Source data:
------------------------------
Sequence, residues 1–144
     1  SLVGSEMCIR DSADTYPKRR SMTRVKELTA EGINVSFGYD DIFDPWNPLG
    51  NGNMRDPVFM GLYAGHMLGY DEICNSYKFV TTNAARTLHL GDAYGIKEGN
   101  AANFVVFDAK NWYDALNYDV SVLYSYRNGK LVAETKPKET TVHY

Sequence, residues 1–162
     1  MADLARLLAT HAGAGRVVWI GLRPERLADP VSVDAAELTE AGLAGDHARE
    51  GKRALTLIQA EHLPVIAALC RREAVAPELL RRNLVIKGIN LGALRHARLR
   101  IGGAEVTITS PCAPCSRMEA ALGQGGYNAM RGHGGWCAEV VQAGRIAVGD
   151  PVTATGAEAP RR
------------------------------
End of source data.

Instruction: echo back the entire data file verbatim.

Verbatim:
Sequence, residues 1–144
     1  SLVGSEMCIR DSADTYPKRR SMTRVKELTA EGINVSFGYD DIFDPWNPLG
    51  NGNMRDPVFM GLYAGHMLGY DEICNSYKFV TTNAARTLHL GDAYGIKEGN
   101  AANFVVFDAK NWYDALNYDV SVLYSYRNGK LVAETKPKET TVHY

Sequence, residues 1–162
     1  MADLARLLAT HAGAGRVVWI GLRPERLADP VSVDAAELTE AGLAGDHARE
    51  GKRALTLIQA EHLPVIAALC RREAVAPELL RRNLVIKGIN LGALRHARLR
   101  IGGAEVTITS PCAPCSRMEA ALGQGGYNAM RGHGGWCAEV VQAGRIAVGD
   151  PVTATGAEAP RR